Strange Ancient Mysteries Dissected: The Proof Is Out There

Strange Ancient Mysteries Dissected: The Proof Is Out There

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and some believe the mysterious stones in this next story could unlock the secret location of untold riches. Do we have your attention? It's 2004 in Phoenix, Arizona. Third generation treasure hunter Dan Dillman is at the Arizona Mining and Mineral Museum where he's been granted special access to view some artifacts that have long been a family obsession.

These photos show replicas of a set of rectangular slabs known as the Peralta Stones. They're each 18 inches wide and 12 inches tall. One is known as the Horse Stone, or the Priest Stone, and features a horse on one side and a priest on the back. A second, the Trail Map Stone, features what looks like a pictorial map.

The third has a recessed heart that's filled with a separate, heart-shaped stone. This heart tablet seems to connect with the trail map. - I first heard about the Peralta Stone tablets from my grandfather and uncles when I was just a little kid, sitting at the kitchen table, talking about treasure stories. And my grandfather and uncles truly believe that these were real stone maps that led to some place.

- [Tony] Anthropologist Kathy Strain says the story goes that the original tablets were found in the 1940s in Arizona. - Police officer Travis Tumlinson was near Apache Junction, Arizona and he just stepped out of the car to stretch his legs and he found these stones buried in the dirt next to where he was parked. - [Tony] This heart-shaped insert was apparently found later by someone who went back to search the area. - The prevailing theory is that these stones will tell the way to get to the Lost Dutchman Mine.

Now, Lost Dutchman Mine is believed to be on some land in the Superstition Mountains. In 1748, the land was granted to a Mexican cattle-bearer named Don Miguel Peralta. It is said that there was a gold mine on that property, but he rarely ever went to it. - [Tony] In the 1870s, German immigrant Jacob Waltz supposedly found the location of the mine and spent years filling his saddlebags with gold. Dutchman was a common American term for a German in the 1800s from the Anglicized version of the German word Deutsche.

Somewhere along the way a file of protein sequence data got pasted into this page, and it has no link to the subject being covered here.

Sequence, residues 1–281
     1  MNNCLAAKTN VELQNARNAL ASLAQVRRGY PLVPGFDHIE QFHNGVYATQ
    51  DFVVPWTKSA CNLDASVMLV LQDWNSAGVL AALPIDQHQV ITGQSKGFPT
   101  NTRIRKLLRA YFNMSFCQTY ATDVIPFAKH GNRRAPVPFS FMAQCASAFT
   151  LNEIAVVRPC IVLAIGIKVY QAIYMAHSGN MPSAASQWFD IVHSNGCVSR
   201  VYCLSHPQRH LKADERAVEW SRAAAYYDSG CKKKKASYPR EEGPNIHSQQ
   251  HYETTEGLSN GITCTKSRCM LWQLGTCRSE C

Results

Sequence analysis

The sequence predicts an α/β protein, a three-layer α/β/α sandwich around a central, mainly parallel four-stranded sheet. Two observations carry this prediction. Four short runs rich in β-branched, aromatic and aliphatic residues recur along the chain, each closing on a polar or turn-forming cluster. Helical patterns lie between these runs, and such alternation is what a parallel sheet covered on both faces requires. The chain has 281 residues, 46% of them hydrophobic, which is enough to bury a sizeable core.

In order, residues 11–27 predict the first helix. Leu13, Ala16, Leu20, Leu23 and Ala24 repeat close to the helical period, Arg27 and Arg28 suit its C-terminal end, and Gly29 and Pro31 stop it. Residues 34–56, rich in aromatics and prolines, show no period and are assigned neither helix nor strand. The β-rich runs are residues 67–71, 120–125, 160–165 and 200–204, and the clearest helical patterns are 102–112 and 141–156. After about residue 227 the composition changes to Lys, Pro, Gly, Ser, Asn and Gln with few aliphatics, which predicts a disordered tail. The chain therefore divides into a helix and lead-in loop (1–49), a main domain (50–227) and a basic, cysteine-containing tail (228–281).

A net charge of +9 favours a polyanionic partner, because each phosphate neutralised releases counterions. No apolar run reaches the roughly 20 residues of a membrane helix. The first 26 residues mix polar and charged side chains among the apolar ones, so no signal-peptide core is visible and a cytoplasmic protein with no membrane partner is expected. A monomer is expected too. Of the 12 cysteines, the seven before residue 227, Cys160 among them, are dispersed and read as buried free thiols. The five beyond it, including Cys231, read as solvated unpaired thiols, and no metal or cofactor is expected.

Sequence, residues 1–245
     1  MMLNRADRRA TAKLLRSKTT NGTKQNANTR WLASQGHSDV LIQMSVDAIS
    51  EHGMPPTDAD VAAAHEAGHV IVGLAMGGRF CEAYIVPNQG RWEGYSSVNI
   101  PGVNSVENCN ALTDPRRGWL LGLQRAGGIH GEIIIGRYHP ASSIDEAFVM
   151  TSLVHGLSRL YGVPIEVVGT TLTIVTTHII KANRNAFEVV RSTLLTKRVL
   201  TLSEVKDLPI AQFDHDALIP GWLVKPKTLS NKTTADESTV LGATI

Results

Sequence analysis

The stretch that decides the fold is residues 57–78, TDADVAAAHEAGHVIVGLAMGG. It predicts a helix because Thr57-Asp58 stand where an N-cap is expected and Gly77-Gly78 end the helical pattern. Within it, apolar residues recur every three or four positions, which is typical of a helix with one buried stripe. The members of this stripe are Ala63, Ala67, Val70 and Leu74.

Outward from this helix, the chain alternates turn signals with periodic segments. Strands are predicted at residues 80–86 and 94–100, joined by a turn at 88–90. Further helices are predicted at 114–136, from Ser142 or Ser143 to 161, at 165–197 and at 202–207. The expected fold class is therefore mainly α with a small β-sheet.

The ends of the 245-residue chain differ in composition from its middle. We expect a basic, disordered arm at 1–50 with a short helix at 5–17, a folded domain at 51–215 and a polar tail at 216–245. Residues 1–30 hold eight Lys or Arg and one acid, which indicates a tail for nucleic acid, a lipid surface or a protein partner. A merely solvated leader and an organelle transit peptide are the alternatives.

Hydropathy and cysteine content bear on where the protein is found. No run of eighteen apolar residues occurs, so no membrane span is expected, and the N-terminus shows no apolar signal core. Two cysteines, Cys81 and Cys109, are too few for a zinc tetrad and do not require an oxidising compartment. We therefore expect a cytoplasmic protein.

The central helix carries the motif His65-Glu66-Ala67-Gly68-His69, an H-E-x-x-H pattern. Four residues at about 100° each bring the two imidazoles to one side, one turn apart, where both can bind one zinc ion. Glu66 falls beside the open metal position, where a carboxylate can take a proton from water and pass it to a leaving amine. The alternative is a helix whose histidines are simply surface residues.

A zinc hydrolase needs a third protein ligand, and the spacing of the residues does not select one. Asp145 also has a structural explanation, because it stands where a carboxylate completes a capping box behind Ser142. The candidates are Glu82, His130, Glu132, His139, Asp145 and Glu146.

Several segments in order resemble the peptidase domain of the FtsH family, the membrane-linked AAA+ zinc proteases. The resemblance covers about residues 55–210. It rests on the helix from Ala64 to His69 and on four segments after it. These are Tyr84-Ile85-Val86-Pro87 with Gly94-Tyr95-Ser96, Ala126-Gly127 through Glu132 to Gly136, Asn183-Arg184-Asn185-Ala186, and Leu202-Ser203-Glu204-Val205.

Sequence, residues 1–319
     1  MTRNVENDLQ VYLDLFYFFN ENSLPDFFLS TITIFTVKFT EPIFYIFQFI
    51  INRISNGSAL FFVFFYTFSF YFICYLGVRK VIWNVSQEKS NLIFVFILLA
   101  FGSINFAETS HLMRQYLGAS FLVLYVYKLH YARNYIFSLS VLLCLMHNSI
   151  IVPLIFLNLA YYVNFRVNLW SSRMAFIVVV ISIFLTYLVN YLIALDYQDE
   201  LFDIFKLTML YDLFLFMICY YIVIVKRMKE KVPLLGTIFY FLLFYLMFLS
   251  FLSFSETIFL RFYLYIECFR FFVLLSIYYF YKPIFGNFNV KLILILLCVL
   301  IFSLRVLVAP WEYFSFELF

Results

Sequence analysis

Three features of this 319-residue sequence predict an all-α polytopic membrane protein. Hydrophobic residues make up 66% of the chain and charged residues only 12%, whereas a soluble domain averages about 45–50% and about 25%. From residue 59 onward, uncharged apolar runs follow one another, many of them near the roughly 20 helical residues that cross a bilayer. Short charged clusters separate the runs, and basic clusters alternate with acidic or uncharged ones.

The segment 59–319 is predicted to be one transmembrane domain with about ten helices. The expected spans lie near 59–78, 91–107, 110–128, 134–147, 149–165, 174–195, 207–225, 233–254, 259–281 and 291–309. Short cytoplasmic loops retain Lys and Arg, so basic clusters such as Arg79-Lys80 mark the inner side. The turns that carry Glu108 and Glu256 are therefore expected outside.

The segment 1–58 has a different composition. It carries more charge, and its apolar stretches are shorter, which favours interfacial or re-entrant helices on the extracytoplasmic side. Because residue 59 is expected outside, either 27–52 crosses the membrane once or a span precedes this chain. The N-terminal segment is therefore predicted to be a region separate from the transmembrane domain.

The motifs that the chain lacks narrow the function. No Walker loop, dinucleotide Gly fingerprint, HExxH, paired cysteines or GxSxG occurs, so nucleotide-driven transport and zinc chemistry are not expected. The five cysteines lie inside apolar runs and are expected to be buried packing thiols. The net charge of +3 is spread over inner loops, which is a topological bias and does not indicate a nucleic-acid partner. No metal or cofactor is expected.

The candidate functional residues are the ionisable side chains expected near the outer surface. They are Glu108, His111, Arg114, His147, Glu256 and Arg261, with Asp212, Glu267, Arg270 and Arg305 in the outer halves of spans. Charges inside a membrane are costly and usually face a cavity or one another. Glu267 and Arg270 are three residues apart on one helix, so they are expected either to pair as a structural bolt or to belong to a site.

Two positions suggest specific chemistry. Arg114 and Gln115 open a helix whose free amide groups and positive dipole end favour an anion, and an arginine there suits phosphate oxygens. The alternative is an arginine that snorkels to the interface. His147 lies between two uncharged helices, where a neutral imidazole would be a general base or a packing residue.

- [Kathy] It's possible that these stones led him to find the mine, but it's also possible that he's the one that authored these to help him remember where the mine was. - [Tony] A number of searchers have mysteriously died or gone missing while hunting for this gold, and that only adds to the superstition that surrounds these peaks. - We continue following the information that we've gleaned from the Peralta Stone maps and we believe they lead to some of the greatest treasures this world has ever known. - The Superstition Mountains are renowned for more than just a legend of the Lost Dutchman Mine. Some Apaches believe a hole leading to the underworld is located there.

What can our experts discover about this legendary search for treasure? Let's put them on the hunt. (tense music) Archeologist Dr. Ed Barnhart first deciphers what the stones say, starting with the Priest Stone. - One of the tablets has a text that in Spanish says, "Look for the map," which strikes me as a little odd considering these tablets are supposed to be the map.

On the flip side, we have what's called the Horse Tablet, and then there's text again in Spanish saying, "The horse of Santa Fe, I graze north of the river," which people have taken to be some sort of cryptic directions to the mine. One of the troubles I have with that particular text though is that horse, caballo, is misspelled. - [Tony] Barnhart adds that on the Heart Stone, there appears to be a date, 1847, the last year Arizona was a part of Mexico.

But what about the symbols on the other tablets like the so-called Trail Map Stone? - The trail map itself seems to be kind of squiggly lines. There's no place where it begins or ends, so it's very difficult to discern how you would use it as a map. - [Tony] So who carved these stones? Barnhart says it's unlikely the German prospector Waltz would've been literate in the 1800s, much less having education to be able to write words in other languages. And more importantly, he says the stones reveal two completely different levels of carving skill. - [Ed] The stones appear to be carved by two different authors.

One is a much better artist than the other. - [Tony] NASA geologist Dr. Bob Anderson agrees there seems to be two separate artists and he says they performed their work in different centuries. - The carvings that you see on the two sandstone ones, which are the map, are pretty legitimate of what you would find in the 1840s and 1850s. These rocks are scattered all over Arizona and they were used as markers to show people where you want 'em to go.

The horse, on the other hand, and the heart appear to be totally different. That heart symbol is probably much more recent. I would say probably in the 1940s or 1950s.